The global reference to the GameObjectManager instance, g_GameObjectManager, is updated to point to the new instance. [code]

References to the canvas and its drawing context are stored. [code]

In the previous examples all drawing was done directly to the canvas element. This style of rendering is generally referred to as single buffering. Here we will be using a technique called double buffering, where all drawing by the individual game objects is done to a second in-memory canvas element (the back buffer), which is then copied to the canvas element on the web page (the front buffer) in one operation.

Double buffering is normally used to reduce flickering. In my own tests I could not see any flickering while rendering directly to the canvas element, but there was anecdotal evidence on the web that some browsers did suffer from flickering with single buffered rendering.

However, double buffering also prevents the end user from seeing the final frame being built up from the drawing operation of each individual game object, which is entirely possible if some complex drawing operations (like transparency, anti-aliasing or procedural textures) are performed in JavaScript.

The memory overhead of using a second buffer is quite small, and the performance hit of doing one additional image copy operation (drawing the back buffer to the front buffer) is negligible, so there is no real downside to implementing a double buffered rendering system.

If the canvas element defined in the HTML page is considered the front buffer, then an additional canvas element needs to be created to be used as the back buffer. Here we use the documents createElement function to create an in-memory canvas that will be used as the back buffer. [code]

Next we create a new instance of the ApplicationManager class, and call startupApplicationManager to initialise it. The ApplicationManager will be described later. [code]

And finally we use the setInterval function to repeatedly call the draw function, which will serve as our render loop. [code]

draw function

The draw function is our render loop. In previous examples the render loop function directly modified the object we were drawing to the screen (the smiley face), which was fine when you were only drawing one object. But a game will be made up of dozens of separate objects, so rather than manage these objects directly inside the render loop, the draw function maintains an Array of these game objects and lets them update and draw themselves.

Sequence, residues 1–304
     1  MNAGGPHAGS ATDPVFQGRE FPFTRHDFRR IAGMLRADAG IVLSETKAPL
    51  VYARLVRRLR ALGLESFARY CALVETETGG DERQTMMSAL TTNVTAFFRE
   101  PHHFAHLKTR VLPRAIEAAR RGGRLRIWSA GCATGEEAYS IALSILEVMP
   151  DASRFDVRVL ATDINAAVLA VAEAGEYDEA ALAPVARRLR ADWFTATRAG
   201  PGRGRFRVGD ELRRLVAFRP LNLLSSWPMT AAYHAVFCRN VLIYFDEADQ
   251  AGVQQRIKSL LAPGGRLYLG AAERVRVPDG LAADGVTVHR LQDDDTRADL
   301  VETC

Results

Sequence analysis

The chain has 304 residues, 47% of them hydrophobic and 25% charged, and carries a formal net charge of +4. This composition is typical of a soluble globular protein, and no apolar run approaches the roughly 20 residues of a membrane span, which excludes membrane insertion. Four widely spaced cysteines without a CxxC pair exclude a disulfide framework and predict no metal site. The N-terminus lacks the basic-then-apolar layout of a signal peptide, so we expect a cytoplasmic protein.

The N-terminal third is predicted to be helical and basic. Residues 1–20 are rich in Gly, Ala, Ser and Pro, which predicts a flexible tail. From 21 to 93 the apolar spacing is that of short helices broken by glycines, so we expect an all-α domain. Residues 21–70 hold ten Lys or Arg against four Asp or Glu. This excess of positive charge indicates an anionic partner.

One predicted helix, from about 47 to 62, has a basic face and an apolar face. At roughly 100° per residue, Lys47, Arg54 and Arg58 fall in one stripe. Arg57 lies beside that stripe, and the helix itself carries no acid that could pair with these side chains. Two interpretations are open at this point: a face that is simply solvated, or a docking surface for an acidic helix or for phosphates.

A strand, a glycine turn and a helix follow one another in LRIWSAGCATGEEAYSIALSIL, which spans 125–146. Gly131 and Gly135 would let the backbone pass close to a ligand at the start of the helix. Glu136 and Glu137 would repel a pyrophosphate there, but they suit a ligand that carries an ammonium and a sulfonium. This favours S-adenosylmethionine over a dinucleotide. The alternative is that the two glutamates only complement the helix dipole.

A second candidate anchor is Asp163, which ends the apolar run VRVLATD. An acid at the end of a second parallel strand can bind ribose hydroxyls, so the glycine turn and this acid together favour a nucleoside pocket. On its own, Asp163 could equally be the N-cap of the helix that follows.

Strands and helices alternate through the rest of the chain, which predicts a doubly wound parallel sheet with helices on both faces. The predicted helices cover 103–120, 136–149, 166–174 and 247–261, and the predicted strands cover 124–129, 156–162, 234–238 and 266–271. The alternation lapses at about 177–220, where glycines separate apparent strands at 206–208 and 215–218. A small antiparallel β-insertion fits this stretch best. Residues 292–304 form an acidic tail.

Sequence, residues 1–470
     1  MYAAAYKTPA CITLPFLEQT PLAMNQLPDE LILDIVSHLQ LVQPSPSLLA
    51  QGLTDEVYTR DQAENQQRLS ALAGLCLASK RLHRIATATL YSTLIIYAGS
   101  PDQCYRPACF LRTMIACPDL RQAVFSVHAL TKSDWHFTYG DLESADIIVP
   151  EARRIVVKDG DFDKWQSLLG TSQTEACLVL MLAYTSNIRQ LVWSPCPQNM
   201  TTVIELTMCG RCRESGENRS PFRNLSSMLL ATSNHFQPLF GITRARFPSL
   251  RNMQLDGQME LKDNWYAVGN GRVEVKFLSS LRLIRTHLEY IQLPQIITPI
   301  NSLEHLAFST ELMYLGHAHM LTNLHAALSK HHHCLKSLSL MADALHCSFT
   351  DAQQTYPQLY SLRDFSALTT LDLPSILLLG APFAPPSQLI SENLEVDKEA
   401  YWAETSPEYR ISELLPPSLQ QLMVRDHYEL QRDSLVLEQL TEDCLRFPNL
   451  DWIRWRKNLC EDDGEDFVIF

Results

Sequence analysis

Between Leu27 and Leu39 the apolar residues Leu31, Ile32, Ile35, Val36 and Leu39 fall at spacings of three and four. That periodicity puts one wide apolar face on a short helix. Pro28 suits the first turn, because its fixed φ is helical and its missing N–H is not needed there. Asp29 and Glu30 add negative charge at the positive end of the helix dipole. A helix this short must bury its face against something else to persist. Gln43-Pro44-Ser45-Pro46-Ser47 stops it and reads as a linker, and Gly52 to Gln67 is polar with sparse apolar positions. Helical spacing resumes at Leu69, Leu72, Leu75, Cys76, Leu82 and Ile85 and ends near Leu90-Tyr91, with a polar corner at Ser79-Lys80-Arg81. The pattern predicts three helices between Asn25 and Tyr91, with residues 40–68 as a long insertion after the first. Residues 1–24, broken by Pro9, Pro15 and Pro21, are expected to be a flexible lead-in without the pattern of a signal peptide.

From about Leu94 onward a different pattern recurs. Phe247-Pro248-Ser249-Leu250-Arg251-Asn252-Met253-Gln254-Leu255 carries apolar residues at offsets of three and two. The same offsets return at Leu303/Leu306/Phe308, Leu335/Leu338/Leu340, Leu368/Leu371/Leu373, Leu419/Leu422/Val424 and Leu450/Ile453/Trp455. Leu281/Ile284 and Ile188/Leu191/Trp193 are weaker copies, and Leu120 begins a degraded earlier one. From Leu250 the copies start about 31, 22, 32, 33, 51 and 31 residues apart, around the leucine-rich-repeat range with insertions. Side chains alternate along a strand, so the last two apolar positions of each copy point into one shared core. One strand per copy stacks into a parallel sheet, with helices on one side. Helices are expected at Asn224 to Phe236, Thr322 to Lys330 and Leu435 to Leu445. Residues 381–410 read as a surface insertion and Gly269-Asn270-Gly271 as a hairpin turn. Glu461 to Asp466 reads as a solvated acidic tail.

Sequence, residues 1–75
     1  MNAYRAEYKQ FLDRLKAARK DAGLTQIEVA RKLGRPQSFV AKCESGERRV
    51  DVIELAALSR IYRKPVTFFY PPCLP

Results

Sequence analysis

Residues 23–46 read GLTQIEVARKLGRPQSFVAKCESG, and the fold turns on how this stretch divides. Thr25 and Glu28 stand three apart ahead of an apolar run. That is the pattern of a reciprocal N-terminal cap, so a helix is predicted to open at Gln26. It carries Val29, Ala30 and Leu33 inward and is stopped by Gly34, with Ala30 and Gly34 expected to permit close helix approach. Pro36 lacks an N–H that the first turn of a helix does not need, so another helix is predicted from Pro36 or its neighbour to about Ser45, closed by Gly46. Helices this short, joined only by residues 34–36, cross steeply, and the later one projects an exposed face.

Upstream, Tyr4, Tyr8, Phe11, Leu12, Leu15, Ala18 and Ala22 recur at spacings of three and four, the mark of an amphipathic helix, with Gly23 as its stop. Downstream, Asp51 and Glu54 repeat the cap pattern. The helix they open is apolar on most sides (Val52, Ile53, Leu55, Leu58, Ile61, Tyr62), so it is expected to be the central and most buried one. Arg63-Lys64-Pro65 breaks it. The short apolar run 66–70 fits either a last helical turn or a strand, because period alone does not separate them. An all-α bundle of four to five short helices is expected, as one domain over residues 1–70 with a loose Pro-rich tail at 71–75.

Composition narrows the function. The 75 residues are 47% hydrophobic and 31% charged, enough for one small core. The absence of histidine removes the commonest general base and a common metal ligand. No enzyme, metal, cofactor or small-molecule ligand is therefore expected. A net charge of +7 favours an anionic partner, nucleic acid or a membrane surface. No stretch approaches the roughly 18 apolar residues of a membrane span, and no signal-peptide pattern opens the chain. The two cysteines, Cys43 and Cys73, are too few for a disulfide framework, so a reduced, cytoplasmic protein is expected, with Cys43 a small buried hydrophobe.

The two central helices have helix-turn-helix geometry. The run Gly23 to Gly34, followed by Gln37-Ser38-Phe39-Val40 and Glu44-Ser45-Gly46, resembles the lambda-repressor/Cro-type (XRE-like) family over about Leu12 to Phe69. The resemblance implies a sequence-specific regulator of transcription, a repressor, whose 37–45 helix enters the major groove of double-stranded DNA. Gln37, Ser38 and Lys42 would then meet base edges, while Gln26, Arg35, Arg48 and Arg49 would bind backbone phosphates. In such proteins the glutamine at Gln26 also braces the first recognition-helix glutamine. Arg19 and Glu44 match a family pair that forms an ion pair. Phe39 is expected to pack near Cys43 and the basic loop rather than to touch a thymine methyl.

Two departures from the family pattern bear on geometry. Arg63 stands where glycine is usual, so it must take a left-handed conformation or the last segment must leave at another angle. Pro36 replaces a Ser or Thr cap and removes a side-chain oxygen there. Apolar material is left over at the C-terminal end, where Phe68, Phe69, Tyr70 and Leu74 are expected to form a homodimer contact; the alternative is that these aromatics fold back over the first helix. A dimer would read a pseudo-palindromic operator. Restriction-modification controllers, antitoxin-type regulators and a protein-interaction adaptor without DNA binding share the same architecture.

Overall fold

First the time since the last frame was rendered is calculated. Even though we has asked that the draw function be called 30 times a second, there is no guarantee that this will actually happen. By calculating the time that has passed since the last frame we can ensure that the execution of the game is as independent of the frame rate as possible. [code]

The drawing contexts are then cleared. [code]

Next the game objects (as defined by the GameObject class, which will be described later) have their update and draw functions called. Note that these functions are optional (which is why we check to see of they exist before calling them), but almost every game object will want to update and draw itself. [code]

Finally the back buffer is copied to the front buffer, so the end user can see the next frame. [code]

addGameObject and removeGameObject functions

The addGameObject and removeGameObject function allow the GameObject classes to add and remove themselves from the collection of GameObjects maintained by the GameObjectManager in the gameObjects variable.

The GameObjectManager class is the most complicated of the classes that we will be creating as part of the game framework. In the next article we will take a look at the GameObject, VisualGameObject, Bounce and ApplicationManager classes, which make up the rest of the framework.

Check out the demo here, download the source code here, and browse the code documentation here.

Read more in the Game Development with JavaScript and the Canvas element series.